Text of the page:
Anamoose Sisters Keep Track of History: The Siblings
Have More Than 150 Years Worth of Memories
Cantlon, Cleo. "Anamoose Sisters Keep Track of History: The Siblings Have More Than 150 Years Worth of Memories." Minot Daily News, 13 July 1998, sec. 1C.
|Helen Rice Nolden, left, and Minnie Kapfer collected photographs and memorabilia like these hairbrushes and accessories to display at the Anamoose centennial July 3-5.|
Minnie Rice Kapfer and her sister Helen Rice Nolden were born in the railroad section house at Anamoose, Kapfer on November 5, 1919, and Nolden on April 5, 1924.
Their father, Kasimer Rice, who first came to the U.S. in 1908, helped construct a bank on the east side of Anamoose's main street. Then he returned to Russia for his fiance Helen Kraft. They were married May 30, 1910, in Aberdeen, South Dakota and came to Anamoose where he was railroad section foreman for 44 years.
Kasimer and Helen Rice, who changed their name from the German `Reis,' had six children who grew up in the drafty, old railroad house in Anamoose. He was in charge of the section of track several miles either side of Anamoose.
Living so close to the railroad put the children at the center of activity in the town and area. That created an interest in people and history which has been important to Kapfer and Nolden and valuable to Anamoose.
Nolden, named the city's historian in 1975, and her sister set up shop in the old post office for the town's centennial, displaying memorabilia of times past and photographs of the city and area. The building itself has an important past as a hotel, then as the post office for many years.
The sisters' interest in history did not come from education.
"I only got to go to high school for two years," Kapfer said. "There just wasn't any money."
She recalled borrowing pajamas, a suitcase and her music teacher's shoes to use when she sang with a school group that advanced to music contests at Velva and Minot.
Kapfer left school, married Harold Kapfer on June 1, 1937, and moved six miles southwest of Anamoose where they shared a farm home with his parents and his sister's family.
Harold and Minnie had four children, Eileen, James, Robert and Donald. Minnie Kapfer milked cows, stacked hay, tended chickens and a huge garden and canned 700 to 800 jars of food each year.
"In 1949 we got electricity, with lights, a refrigerator, and, the most important thing, indoor plumbing," she said.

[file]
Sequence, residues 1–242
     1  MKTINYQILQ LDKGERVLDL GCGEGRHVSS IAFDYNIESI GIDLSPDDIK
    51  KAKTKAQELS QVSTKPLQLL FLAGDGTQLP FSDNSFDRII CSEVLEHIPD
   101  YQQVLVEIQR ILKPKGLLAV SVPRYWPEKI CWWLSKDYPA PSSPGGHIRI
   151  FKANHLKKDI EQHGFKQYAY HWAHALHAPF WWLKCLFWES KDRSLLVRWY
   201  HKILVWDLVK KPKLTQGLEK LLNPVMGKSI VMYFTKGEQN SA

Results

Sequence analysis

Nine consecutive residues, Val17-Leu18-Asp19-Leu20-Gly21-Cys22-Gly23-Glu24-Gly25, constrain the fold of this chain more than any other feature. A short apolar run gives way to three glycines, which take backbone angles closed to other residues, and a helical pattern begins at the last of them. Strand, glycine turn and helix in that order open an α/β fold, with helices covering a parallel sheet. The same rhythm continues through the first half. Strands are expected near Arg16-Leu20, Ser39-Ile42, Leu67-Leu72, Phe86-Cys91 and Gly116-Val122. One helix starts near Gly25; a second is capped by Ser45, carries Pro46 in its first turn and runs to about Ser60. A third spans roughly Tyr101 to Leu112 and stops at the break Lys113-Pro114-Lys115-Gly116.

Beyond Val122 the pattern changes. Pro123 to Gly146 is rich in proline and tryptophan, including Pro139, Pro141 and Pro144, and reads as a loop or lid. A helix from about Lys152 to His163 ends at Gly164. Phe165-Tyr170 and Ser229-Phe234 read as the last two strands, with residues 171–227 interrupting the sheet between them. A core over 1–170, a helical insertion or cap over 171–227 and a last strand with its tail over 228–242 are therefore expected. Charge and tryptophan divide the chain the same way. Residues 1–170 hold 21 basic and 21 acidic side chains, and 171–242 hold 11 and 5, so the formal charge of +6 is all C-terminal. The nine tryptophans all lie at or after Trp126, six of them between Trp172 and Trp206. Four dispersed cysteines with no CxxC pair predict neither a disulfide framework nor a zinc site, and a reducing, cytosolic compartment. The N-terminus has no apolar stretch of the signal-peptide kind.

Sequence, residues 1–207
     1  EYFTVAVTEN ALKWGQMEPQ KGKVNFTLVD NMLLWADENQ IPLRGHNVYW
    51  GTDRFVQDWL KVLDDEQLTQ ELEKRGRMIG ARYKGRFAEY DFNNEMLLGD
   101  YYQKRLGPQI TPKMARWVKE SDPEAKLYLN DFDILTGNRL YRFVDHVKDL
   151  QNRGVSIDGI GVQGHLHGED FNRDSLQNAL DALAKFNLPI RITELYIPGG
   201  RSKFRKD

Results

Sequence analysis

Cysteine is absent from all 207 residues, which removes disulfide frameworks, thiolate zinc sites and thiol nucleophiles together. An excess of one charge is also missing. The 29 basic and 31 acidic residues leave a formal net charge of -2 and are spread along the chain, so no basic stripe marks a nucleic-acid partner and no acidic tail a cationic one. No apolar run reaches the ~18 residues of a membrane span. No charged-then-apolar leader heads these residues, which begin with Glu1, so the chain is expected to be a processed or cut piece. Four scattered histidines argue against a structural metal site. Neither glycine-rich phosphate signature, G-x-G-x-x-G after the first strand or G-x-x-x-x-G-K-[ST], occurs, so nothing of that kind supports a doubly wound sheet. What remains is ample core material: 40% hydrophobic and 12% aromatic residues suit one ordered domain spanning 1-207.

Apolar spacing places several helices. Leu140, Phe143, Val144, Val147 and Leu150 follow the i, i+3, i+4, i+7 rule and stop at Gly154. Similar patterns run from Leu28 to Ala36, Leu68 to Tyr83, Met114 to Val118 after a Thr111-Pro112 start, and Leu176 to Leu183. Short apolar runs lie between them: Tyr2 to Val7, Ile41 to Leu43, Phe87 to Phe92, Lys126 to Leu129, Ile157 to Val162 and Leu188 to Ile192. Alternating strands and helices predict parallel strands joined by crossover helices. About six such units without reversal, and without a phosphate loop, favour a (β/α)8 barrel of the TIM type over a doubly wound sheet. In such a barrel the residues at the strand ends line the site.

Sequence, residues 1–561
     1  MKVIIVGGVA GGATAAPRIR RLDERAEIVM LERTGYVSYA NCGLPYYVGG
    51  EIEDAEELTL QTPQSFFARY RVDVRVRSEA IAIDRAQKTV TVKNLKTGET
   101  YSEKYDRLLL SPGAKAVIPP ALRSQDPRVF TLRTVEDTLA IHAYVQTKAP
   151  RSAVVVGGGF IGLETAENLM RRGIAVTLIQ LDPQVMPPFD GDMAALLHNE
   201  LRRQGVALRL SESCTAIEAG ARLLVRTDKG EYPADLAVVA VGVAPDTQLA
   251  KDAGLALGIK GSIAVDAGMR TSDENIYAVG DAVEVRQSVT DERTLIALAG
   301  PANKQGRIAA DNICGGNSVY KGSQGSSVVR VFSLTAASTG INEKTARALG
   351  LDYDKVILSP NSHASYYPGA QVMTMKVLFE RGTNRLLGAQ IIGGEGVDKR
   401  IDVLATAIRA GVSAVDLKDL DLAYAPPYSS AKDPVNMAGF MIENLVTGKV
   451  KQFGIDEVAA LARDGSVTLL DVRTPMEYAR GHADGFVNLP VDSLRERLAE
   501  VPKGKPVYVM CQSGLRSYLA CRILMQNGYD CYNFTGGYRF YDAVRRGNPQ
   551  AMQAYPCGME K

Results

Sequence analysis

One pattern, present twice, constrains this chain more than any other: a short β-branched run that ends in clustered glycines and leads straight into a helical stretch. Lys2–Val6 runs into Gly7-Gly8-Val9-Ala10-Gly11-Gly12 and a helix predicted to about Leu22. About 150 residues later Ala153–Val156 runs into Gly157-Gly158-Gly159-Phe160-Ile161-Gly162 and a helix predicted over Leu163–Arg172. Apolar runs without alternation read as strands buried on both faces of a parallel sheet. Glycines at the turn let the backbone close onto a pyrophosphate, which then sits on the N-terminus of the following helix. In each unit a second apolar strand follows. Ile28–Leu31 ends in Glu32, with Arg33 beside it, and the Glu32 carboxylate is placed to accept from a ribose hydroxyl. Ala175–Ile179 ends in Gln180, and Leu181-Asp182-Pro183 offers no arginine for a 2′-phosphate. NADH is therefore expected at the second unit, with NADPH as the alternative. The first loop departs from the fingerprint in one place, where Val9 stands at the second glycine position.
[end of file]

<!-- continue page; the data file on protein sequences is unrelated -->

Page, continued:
In 1968 after her husband suffered a severe heart attack and several strokes, they moved into Anamoose. He died in 1994.
Kapfer's education ended early but interest in music established in school remains with her. She loves to play music, on the organ in her home, at the Senior Citizens center and public gatherings.
"Last Christmas I took my keyboard out to Sage Hill Bed and Breakfast, the old white consolidated school, for their Christmas gala, and I played for four hours straight," she said. "I play everything,-- religious, modern, waltzes,-- everything."
While Nolden admires Kapfer's ability to play by ear, they strongly disagree on what is good music. Nolden opts for classical, Kapfer for country-western.
Writing is Nolden's major interest. In 1986 she published a collection of essays, family papers and reminiscences, "Helen's Love (Family)."
Nolden, who has been a winner in the State Fair writing contest, has been a columnist for Velva, Harvey and Towner newspapers.
The sisters stay busy with more than history. Kapfer's children, Eileen, James, Robert and Donald, 14 grandchildren, 11 great-grandchildren, and one great-great-grandchild, occupy much of her time. She has crocheted afghans for each of them.
"Minnie loves auction sales and likes to shop, especially for her family," Nolden said.
Nolden, who was married to Jake Hieb and later to Erven Nolden, dedicated her book to her four children, Jacqueline Reis in Minneapolis, Tom in Milnor, and Barbara and John in Minot.
They urged her to record family experiences such as Grandmother Kraft's years in Siberian concentration camps. Although she had written many of her experiences, she found large gaps in the family record when she began compiling the book.
Nolden, who reads German, communicates with relatives still in Russia and Germany.
Nolden received early encouragement as a writer.
"My high school English teacher Miss Gilmore liked my writing," Nolden said. "She urged me to write more, and writing has always lurked in the back of my mind."
In 1975 she moved to Minot and edited the newspaper for North Dakota Seniors United for several years. Later she worked at the Minot tourist information center.
"I always wanted a job where I could tell people where to go," she joked. Nolden said she enjoyed meeting people from all over the world, seeing a story in every one.
"I'm one of the few people left in the world who doesn't drive a car," Nolden said. "It got to be such a problem to have people haul me around so in 1986 I moved back to my roots, to Anamoose."
When Nolden is worried, she also does what she calls "rock therapy," collecting small stones and gluing them together to create figures of people or animals.
"Just handling the stones is calming," she said.
Having diverse hobbies is just one difference between the feisty, look-alike sisters. For example, their memories of their parents and early life also differ sharply, which Kapfer believes stems from the difference in age between her and Nolden, the baby of the family.
But they agree on most things. Nolden felt Anamoose centennial T-shirts should feature the Soo Line railroad.
"There would not have been an Anamoose without the railroad," she said.
When centennial organizers chose a more generic shirt design, the Rice sisters proudly wore their minority opinion, a locomotive logo designed by Nolden.
Nolden and Kapfer expect to do a lot of living yet and to record and remember each day of it.
Reprinted with permission of the Minot Daily News, Minot, North Dakota.